The QRC said the scientific review raised serious doubts about the SCL's effectiveness. QRC chief executive Michael Roche said the review found that the Government's draft soil criteria "cannot reliably call out the best cropping land". Mr Roche said the current policy's reliance on maps to illustrate similarities in climate and rainfall failed to reflect important productivity variations between and within regions.

But Environnment Minister Kate Jones said the policy was based on sound scientific advice and was peer reviewed.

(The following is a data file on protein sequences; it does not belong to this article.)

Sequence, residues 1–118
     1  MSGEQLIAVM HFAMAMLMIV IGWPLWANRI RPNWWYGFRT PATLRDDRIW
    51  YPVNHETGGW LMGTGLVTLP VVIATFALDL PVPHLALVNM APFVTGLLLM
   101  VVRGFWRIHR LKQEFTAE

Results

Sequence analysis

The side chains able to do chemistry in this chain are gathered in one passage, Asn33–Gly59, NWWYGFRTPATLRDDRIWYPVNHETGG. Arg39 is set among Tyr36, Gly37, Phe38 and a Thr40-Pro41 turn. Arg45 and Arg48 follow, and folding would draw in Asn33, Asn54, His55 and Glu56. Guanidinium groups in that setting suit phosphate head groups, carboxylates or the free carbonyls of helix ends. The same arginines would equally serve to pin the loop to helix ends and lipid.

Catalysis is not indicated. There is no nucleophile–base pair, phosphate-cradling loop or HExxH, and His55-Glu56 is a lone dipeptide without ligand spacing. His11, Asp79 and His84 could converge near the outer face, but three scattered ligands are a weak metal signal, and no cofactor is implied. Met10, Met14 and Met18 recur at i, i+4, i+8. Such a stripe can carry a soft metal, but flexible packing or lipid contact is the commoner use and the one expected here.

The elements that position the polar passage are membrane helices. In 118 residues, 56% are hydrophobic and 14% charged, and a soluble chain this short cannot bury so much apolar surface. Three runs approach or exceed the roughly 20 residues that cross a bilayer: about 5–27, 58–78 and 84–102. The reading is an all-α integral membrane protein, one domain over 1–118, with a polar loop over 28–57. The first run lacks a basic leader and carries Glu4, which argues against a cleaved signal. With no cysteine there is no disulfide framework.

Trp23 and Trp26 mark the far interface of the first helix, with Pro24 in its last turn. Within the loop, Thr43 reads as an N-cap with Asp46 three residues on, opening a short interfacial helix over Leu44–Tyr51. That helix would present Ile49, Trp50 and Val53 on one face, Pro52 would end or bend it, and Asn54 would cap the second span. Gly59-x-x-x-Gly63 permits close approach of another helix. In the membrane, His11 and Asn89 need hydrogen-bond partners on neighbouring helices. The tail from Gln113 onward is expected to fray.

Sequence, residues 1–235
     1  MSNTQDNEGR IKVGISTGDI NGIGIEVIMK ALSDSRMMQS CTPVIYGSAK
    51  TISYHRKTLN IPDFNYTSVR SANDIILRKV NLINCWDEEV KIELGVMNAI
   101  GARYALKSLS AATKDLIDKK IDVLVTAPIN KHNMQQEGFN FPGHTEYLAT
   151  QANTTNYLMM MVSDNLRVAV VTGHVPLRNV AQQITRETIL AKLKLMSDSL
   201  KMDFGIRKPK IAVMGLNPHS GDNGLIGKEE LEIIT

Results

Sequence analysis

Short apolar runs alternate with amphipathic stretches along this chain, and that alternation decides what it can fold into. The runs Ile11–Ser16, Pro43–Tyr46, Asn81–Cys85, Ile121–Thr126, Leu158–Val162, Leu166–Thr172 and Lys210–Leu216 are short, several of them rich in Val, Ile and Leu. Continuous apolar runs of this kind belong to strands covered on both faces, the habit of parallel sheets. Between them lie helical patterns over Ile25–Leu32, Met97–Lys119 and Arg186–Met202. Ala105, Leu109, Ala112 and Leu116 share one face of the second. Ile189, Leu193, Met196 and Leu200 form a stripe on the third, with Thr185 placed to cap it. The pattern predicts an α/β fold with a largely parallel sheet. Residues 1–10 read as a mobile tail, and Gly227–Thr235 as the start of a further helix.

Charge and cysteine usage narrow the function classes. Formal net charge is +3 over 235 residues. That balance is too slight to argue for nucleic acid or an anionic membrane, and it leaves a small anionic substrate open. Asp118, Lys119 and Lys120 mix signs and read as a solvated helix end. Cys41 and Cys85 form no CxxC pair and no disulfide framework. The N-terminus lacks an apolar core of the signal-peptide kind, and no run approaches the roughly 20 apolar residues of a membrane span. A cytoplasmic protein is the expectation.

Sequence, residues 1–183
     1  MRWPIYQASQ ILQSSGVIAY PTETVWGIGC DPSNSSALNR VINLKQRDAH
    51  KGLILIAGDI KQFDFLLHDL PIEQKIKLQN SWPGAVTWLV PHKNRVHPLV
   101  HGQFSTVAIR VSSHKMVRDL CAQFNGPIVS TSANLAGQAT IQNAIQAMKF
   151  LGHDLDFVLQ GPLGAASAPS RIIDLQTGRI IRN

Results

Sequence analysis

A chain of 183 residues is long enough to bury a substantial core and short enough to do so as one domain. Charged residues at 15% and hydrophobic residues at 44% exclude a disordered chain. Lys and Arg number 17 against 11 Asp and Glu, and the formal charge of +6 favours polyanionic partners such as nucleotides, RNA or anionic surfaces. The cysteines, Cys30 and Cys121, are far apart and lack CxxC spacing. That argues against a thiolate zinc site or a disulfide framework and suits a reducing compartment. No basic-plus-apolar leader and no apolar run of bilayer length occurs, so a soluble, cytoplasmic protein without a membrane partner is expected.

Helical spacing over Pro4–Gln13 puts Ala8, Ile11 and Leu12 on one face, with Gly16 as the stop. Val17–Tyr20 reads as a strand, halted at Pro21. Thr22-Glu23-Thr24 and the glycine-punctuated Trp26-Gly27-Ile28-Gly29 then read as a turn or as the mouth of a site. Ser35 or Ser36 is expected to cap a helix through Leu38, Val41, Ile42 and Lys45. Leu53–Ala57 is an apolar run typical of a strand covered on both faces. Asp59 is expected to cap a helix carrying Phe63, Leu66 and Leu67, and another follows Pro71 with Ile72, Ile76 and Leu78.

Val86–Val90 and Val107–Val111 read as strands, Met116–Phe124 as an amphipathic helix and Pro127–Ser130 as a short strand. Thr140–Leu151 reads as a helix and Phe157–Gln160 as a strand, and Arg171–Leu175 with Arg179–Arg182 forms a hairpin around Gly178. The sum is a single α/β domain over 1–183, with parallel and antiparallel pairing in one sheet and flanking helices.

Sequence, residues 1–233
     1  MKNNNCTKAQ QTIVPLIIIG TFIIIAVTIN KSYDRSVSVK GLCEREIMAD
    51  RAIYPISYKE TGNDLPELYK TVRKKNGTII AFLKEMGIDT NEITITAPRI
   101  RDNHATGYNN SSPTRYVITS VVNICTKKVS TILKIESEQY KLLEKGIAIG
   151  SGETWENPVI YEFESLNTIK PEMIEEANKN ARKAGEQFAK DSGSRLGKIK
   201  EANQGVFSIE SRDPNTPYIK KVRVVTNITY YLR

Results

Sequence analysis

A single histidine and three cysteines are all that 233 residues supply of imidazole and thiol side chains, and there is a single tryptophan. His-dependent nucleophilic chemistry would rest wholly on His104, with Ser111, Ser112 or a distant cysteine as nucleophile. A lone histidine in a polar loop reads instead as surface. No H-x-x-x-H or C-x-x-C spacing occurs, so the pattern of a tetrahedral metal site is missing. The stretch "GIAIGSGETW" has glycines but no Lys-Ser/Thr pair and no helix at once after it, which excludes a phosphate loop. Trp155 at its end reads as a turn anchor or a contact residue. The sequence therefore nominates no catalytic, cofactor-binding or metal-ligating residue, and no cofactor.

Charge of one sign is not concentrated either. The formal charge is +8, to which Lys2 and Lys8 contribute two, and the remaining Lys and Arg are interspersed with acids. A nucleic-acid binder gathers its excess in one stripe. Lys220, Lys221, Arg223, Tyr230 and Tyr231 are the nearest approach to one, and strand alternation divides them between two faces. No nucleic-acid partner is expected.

"We engaged some of Queensland's best soil scientists to do this work. The criteria was tested and validated against 128 soil samples from across these areas," Ms Jones said. "I sat down with the QRC months ago where we went through the criteria and they were not able to present to me any genuine technical issues."

Ms Jones said she would ask her department to investigate the review, including any genuine technical issues in the SCL policy.

Agforce spokesman Drew Wagner said the QRC report was likely to only add to the mystery and confusion about strategic cropping land when farmers wanted certainty.